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I was fortunate enough to spend a week at home over Christmas, which meant I also had the chance to raid my dad’s excellent collection of books.
One of the books I tore through that week was Kate Bowler’s latest book, The Preacher’s Wife: The Precarious Power of Evangelical Women Celebrities. For those who haven’t had the chance to read it yet, Bowler summarized her research in a piece for the New York Times in October.
The book explores the history of evangelical women celebrities. It highlights the various ways these women have carved out spheres of influence within American evangelicalism, where many churches still maintain strictly complementarian and patriarchal views.
Bowler structures the book to mirror five main roles evangelical women use to gain power within evangelicalism: The Preacher, The Homemaker, The Talent, The Counselor, The Beauty. It’s a wide-ranging analysis. She highlights celebrities like Beth Moore, Joyce Meyer, Victoria Osteen, Amy Grant, Phyllis Schlafly, and Mother Angelica.
It’s a fascinating look at the roles evangelical women play in churches and parachurch ministries. In the chapter, “The Preacher,” for example, Bowler looks that the ways evangelical women get around the prohibition against women preaching. Maybe the women have promised to only teach women, so as not to encroach on the power of male preachers. Or maybe they’ve carefully classified themselves as “Bible teachers” rather than pastors, so as not to challenge male authority.
It’s a complex story of American religion — women negotiating varying demands placed on them by society and by their faith. Then they must try to carve out ways to use their talents and pursue their ambitions within the confines of a patriarchal religion.
Here, Bowler makes an interesting comparison between evangelicalism and mainline denominations. Women in mainline denominations, she asserts, looked toward the traditional avenue of ordination in order to gain power in their churches. However, the ordination of women in these denominations coincided with the decline of mainline denominations more broadly and never resulted in the gains in institutional power that women anticipated.
Evangelical women, on the other hand, were rarely allowed to pastor churches. Instead they had to get creative with the ways they wielded power in their churches. They pursued alternative paths to power and many were able to build vast followings. We can think of people like Beth Moore and her Bible study empire or Lysa TerKeurst and the Proverbs 31 Ministries. These two women have built powerful and successful parachurch ministries that have reached countless women. But in the end, does anybody win?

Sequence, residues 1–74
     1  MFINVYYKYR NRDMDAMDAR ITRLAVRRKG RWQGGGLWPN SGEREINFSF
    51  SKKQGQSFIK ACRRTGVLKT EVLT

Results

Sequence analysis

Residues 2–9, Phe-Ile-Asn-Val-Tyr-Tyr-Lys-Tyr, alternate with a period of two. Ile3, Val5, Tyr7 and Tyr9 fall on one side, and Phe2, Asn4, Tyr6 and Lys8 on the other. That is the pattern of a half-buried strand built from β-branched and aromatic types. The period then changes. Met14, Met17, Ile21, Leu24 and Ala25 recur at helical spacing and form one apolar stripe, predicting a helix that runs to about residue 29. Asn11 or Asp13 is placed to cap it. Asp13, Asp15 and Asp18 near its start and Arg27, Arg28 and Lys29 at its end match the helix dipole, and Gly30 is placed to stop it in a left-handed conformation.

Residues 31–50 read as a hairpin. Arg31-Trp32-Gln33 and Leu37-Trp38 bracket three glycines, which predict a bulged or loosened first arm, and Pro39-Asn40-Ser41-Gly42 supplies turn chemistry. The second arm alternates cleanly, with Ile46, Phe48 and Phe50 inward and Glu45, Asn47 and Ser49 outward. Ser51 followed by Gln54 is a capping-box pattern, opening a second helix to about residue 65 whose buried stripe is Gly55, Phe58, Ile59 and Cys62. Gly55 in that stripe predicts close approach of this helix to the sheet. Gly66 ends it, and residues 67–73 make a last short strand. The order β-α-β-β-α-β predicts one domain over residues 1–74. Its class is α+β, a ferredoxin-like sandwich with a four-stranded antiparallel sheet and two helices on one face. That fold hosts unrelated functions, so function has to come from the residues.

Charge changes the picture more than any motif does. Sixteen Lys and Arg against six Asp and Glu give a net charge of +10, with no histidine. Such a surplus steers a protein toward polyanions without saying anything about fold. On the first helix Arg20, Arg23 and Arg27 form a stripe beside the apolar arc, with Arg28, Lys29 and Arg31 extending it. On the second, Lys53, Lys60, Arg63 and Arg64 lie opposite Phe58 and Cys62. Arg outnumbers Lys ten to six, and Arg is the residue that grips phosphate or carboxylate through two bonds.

It’s impressive what evangelical women celebrities have been able to accomplish. However, there’s a catch here.
The second part of Bowler’s argument casts a different light on these accomplishments. As she points out, this power is precarious. It can be lost at any moment. It’s never quite so secure or lasting as that of men. Moreover, it can only be achieved in specific ways, with these women giving lip service to traditional gender roles. Their opportunities are always bounded in ways that men’s are not.
Though Bowler’s book focuses on evangelical women celebrities who live their lives in a very public way, it contains a message about women in evangelicalism in a broader sense as well. Toe the line. Abide by traditional gender roles. Defer to powerful men. Then maybe, just maybe, you’ll be allowed to gain influence. Cross the line of what’s acceptable for women and everything you’ve worked for might be taken away. Even for women in mainline denominations, though they now have access to the pulpit, the picture is bleak, and they still have a lot of headway to make in terms of gaining institutional power and influence.
In many respects, precarity defines life for all women in a patriarchal society. While the women in Bowler’s book display resilience and creativity — able to carve out a unique sphere of influence and build vast followings even in a religion that says women shouldn’t do or want these things — ultimately it is not enough.